As Hartford Life explained in its letter to Griffin terminating his benefits, none of the medical providers whom Griffin had seen were willing to give a current opinion on Griffin’s level of functionality. Moreover, Hartford Life collected video surveillance evidence of Griffin that showed him walking at a quick pace and moving “without observable bracing or support.” And Hartford Life’s investigator, who conducted an in-person interview of Griffin, personally observed Griffin walking, standing, sitting, reaching, and effectively using a pen without significant trouble over the course of the interview. Griffin also disclosed during the interview that he was not then receiving any treatment for his condition and that he had not seen any of his medical providers for over six months. When Hartford Life sought recent updates from Griffin’s doctors on his level of functionality, both Dr. Carmouche and Dr. Bravo responded that they had not seen Griffin in nearly a year and that they were not providing any functionality restrictions or limitations. Griffin’s chiropractor, Dr. McGlothlin, did state that he had imposed restrictions on Griffin in 2012, but he clarified that he was not restricting Griffin anymore because, although Griffin had self-reported some pain, Dr. McGlothlin had observed him moving reasonably well.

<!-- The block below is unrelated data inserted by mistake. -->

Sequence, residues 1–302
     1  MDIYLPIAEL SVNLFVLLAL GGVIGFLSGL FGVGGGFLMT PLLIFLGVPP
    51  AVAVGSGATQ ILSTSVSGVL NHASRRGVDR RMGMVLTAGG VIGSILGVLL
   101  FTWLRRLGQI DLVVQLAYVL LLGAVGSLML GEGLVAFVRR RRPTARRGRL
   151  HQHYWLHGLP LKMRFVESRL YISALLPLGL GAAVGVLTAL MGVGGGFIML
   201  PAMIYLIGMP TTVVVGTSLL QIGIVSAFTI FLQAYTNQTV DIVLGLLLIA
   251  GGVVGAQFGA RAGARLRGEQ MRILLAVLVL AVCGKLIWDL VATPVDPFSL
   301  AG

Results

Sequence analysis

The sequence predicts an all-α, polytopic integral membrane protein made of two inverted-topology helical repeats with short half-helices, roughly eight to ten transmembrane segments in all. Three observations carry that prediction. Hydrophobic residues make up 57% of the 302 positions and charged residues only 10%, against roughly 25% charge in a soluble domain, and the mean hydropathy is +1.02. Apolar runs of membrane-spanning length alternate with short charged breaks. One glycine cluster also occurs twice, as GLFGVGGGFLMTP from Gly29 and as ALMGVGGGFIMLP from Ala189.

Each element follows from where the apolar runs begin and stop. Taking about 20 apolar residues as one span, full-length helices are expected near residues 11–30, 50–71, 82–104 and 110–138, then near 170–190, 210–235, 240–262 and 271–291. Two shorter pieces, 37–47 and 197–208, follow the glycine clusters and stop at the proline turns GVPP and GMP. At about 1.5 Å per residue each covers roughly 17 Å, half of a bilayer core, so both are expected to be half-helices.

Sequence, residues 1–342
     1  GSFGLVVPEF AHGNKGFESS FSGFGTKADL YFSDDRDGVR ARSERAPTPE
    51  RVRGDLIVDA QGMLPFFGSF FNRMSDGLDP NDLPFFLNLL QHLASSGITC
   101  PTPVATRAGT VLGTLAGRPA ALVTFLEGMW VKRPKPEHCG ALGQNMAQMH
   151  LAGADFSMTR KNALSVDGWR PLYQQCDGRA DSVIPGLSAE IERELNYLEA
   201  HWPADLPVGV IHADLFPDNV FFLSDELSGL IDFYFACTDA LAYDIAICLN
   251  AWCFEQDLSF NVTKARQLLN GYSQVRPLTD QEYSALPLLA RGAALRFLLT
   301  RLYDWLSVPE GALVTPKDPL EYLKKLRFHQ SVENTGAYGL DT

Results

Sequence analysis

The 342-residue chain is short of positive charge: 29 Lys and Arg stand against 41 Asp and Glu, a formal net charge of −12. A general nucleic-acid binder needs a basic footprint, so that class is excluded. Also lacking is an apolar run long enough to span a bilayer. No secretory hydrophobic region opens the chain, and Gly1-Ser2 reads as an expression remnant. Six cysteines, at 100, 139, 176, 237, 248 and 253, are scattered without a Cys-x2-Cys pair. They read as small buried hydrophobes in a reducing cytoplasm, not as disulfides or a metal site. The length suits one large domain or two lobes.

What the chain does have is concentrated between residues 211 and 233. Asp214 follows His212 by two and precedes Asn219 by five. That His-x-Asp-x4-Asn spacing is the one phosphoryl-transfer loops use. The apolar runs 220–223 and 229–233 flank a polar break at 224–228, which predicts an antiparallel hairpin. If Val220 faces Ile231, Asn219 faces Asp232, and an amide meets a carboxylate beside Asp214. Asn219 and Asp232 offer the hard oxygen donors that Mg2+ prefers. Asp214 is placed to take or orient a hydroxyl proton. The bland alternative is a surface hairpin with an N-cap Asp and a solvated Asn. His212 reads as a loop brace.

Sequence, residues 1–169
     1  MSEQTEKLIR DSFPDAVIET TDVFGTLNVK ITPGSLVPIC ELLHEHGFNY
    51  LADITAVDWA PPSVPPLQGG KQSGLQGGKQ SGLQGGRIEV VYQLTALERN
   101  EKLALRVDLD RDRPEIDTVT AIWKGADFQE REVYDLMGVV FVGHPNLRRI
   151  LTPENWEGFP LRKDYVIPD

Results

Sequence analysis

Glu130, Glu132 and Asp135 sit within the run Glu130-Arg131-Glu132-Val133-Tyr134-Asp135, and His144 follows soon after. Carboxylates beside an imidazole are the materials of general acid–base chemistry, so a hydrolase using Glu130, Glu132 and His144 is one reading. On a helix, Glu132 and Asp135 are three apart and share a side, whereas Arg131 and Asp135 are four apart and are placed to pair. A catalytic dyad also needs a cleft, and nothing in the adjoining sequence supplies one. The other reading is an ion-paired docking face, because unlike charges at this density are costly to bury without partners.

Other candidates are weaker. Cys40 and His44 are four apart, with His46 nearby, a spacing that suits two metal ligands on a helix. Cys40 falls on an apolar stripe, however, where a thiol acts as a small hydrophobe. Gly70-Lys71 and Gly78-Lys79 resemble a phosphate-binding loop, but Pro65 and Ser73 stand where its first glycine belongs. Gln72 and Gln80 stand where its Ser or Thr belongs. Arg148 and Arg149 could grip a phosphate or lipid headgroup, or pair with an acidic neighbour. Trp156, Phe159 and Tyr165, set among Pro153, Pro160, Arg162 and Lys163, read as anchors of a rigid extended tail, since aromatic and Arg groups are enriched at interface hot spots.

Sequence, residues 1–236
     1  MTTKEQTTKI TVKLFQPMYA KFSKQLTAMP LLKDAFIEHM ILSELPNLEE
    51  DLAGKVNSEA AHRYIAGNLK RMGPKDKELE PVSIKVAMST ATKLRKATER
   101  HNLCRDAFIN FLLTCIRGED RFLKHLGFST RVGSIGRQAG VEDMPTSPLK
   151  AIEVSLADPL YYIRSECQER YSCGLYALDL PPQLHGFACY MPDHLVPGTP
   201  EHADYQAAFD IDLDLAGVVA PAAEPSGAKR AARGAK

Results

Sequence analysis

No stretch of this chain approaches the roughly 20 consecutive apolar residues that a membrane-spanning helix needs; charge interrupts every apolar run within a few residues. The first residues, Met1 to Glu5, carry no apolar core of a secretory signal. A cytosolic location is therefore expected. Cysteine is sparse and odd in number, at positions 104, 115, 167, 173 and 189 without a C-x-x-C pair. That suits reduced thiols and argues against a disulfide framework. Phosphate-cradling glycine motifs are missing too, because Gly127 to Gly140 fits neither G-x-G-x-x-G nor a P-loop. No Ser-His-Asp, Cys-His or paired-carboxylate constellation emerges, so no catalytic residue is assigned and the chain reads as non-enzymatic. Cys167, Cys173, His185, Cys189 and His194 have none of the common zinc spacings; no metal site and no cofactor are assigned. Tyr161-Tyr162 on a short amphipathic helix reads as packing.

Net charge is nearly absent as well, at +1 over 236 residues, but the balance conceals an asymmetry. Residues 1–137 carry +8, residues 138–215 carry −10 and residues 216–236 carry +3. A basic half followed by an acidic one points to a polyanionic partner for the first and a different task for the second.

Based on the information that Griffin supplied and that Hartford Life was able to obtain, Hartford Life then engaged in an employability analysis and concluded that there were several sedentary positions available within a close distance of Griffin and within his capabilities. The report of the analysis clearly identified positions for which Griffin possessed the required skills and qualifications. Griffin protests that these positions were not occupations for which he already had the necessary “education, training[,] or experience,” as the policy requires, because the report stated that he could perform these jobs after receiving “minimal training.” But the fact that the identified positions, like any other new position, might require initial orientation did not disqualify them as suitable alternative occupations for which Griffin was qualified. Hartford Life thus reasonably concluded that Griffin was not incapable of performing any occupation, as he was required to demonstrate under the policy to be qualified as disabled.